After 16 years of near-blindness, Ian Tibbetts, 43, finally saw the faces of his 4-year-old twin boys when an unusual surgical procedure restored his sight. If that is not remarkable enough, consider this: the surgeon reconstructed the happy father's eye by using one of his teeth.

"Before, the kids were just shapes. I couldn’t make them out,” Tibbetts, who lives in Shropshire, England, told the Daily Mail. “I had to actually learn to tell them apart by their voices. I could tell whichever one it was by the way they spoke and sometimes by how quickly they moved.”

Tibbetts, a former forklift truck driver, lost most of his sight over the course of two years beginning 16 years ago. First, he damaged his right eye when he was struck by a piece of metal from an oven. The accident ripped his cornea in six places, and though the wound healed, he soon lost all sight in that eye. One year later, the father of two lost nearly all the remaining vision in his left eye. In December of last year, Tibbetts agreed to have the strange and unusual surgery on his left eye after all other treatments failed, he told the Daily Mail.


Osteo-odonto-keratoprosthesis (OOKP) surgery is a technique used to replace damaged corneae in blind patients. Developed in 1963 by an Italian ophthalmic surgeon, Benedetto Strampelli, the procedure uses the patient’s own tooth root and alveolar bone to support an optical cylinder. The surgery is a complex, two-part process that requires insertion of a plastic lens into a hole made in the tooth. OOKP only works in cases where a patient has a functioning retina. The newly fabricated lens is implanted in the eye, which does not reject the transplant because it is made out of material from the patient’s own body.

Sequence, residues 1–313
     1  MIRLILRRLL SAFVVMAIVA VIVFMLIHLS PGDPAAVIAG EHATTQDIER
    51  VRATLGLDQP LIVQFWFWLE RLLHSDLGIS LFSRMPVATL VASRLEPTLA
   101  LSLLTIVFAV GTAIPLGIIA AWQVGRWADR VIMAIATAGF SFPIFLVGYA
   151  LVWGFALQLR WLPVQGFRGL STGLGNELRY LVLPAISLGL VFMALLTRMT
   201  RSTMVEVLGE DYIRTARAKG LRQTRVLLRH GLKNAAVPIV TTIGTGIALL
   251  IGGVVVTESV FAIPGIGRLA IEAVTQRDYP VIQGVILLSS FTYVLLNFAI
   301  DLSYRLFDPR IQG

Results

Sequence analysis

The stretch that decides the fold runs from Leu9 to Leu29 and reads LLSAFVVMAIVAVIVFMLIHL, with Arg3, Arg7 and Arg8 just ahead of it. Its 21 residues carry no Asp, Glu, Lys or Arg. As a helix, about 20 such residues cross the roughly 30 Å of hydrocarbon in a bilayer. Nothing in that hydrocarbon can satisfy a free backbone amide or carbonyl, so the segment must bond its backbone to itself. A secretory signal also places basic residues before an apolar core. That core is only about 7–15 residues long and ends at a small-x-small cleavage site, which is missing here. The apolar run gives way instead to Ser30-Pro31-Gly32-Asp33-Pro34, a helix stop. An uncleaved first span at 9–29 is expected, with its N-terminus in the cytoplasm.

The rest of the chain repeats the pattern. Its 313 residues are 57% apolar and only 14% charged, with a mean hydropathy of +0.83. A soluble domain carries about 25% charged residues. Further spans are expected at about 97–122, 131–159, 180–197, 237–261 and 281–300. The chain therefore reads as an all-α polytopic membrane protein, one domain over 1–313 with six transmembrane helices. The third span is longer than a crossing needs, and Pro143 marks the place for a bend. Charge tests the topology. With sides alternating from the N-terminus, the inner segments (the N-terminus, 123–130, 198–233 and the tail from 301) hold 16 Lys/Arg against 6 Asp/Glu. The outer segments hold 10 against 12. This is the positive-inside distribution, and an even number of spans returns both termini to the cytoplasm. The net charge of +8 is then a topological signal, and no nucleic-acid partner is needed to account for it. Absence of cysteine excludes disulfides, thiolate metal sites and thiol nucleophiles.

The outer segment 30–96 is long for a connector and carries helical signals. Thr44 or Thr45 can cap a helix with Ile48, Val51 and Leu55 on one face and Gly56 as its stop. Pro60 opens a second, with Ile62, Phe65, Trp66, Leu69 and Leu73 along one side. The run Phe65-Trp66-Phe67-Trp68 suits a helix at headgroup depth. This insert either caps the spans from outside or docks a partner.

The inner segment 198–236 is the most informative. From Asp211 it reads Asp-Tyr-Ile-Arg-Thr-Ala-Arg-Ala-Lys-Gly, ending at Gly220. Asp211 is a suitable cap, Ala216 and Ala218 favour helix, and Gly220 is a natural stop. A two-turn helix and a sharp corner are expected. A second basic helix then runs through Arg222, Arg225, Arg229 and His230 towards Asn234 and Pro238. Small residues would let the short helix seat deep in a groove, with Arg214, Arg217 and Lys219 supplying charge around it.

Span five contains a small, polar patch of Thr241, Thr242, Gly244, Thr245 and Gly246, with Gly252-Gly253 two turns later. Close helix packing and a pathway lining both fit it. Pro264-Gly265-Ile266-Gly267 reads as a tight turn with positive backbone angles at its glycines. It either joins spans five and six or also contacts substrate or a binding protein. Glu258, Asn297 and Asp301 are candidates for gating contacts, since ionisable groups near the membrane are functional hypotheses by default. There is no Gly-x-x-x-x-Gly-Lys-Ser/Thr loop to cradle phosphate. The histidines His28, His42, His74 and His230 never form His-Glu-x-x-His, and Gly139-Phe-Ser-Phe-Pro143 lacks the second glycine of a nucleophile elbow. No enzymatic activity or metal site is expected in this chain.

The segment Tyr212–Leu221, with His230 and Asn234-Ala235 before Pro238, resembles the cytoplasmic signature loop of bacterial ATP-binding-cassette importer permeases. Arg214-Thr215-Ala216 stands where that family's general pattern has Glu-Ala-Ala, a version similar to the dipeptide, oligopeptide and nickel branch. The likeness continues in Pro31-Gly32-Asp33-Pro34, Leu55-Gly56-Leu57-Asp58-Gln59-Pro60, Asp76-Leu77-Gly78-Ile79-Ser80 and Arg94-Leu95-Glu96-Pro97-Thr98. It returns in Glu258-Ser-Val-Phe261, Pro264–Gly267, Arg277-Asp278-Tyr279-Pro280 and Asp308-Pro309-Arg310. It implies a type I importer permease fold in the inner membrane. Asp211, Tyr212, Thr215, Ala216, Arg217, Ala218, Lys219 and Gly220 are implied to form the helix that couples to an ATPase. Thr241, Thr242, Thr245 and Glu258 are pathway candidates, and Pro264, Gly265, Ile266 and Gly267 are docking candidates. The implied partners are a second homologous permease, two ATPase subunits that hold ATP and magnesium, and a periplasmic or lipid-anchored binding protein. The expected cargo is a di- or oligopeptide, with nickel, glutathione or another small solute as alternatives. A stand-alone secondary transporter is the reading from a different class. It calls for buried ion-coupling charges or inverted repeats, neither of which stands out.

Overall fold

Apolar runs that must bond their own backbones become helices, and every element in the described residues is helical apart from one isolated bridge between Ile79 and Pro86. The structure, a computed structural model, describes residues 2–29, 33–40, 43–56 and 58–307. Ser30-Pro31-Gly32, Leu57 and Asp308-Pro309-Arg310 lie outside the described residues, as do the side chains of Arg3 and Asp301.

Only one surgeon, Christopher Liu at the Sussex Eye Hospital in Brighton, currently performs this complicated operation in the United Kingdom. Although the procedure has been performed in Japan and Europe, it has been rarely utilized in the United States as it is suitable for some but not all types of vision loss. The surgical fix is long-term but not permanent in many instances, as is the case with Tibbetts.

Since the operation, Tibbetts has regained 40 percent vision and now enjoys gazing at the faces of his two boys. Because the effects of the procedure may not last forever, he tries to appreciate the gift of sight while it lasts.

“I had a picture in my head of what they looked like but they were better,” Tibbetts told the Daily Mail. “I’m a bit biased there.”